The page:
A Lung Cancer Screening Could Save Your Life
Date: February 3, 2014
Lung cancer kills more Americans than breast cancer, prostate cancer and colon cancer combined—it will claim an estimated 200,000 lives this year. “Lung cancer is deadly for two reasons. It’s resistant to most therapies, and it’s typically diagnosed at a late stage,” says Phillip Dennis, M.D., director of thoracic oncology at Johns Hopkins Bayview’s Sidney Kimmel Comprehensive Cancer Center. “Screening people at high risk will increase the numbers who are diagnosed at a curable stage of the disease.”
The Johns Hopkins Lung Cancer Screening and Pulmonary Nodule Clinics provide screenings and a multidisciplinary approach to treatment. Screenings include a meeting with a nurse practitioner to determine the level of risk, and low-dose CT scans once a year for three years, which a 2011 clinical study shows can reduce the number of lung cancer deaths by 20 percent.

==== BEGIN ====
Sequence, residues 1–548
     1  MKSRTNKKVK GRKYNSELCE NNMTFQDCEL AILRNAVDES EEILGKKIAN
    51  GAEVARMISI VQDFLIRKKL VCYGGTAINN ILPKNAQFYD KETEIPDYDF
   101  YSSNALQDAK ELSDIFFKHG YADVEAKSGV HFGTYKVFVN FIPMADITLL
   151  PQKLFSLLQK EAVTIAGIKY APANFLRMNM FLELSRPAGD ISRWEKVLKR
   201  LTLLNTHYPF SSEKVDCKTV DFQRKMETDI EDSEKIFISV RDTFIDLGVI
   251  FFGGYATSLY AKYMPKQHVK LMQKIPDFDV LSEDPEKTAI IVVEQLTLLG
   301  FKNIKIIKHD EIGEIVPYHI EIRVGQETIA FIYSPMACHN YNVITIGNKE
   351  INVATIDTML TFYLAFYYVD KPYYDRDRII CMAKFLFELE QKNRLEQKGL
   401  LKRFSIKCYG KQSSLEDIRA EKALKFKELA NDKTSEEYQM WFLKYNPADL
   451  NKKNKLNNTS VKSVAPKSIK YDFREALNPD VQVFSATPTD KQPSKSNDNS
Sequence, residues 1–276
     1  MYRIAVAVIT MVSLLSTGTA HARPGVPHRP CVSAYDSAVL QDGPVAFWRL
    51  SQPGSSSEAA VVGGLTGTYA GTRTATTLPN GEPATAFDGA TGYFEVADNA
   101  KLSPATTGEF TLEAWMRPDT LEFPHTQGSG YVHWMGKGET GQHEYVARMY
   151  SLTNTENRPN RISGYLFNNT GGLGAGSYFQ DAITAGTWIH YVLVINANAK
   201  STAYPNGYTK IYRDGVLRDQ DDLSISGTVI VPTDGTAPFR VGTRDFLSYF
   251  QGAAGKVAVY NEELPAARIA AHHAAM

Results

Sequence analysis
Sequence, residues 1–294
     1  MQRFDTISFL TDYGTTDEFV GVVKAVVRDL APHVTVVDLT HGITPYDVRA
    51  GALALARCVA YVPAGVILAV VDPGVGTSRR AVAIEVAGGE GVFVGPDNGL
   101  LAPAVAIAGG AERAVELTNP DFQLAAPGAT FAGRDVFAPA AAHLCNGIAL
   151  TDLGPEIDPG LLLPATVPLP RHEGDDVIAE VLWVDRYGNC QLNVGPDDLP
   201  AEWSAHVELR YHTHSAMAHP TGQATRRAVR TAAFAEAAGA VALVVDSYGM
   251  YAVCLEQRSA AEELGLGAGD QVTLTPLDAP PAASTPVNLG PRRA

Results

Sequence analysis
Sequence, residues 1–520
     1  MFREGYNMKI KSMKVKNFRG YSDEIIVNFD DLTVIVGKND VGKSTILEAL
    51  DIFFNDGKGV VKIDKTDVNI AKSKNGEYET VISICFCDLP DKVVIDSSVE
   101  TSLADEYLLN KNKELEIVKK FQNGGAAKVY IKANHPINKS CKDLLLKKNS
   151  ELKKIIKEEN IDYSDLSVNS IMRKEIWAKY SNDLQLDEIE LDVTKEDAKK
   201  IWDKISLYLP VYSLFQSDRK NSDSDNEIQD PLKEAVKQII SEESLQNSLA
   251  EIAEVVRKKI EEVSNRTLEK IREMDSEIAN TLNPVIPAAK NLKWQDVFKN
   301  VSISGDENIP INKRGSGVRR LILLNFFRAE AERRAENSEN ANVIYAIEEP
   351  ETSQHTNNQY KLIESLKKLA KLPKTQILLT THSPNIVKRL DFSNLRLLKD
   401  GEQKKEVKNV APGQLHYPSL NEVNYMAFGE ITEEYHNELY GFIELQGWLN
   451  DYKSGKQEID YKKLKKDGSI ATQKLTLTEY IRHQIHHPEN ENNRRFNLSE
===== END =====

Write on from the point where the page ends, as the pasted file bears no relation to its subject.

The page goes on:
Patients are considered high risk for lung cancer if they:
- Are over the age of 50.
- Have a significant smoking habit (consisting of one pack per day for at least 20 years, or two packs per day for at least 10 years), or have quit within the last 15 years.
- Have one additional risk factor (i.e. radon or occupational exposure, history of smoking-related cancer, family history of lung cancer, or history of COPD or pulmonary fibrosis).
It is important to understand that everyone’s risk is individualized and can increase if you have a family member with lung or tobacco-related cancer.
To find out about your individualized risk or schedule an appointment, call 410-955-LUNG (5864).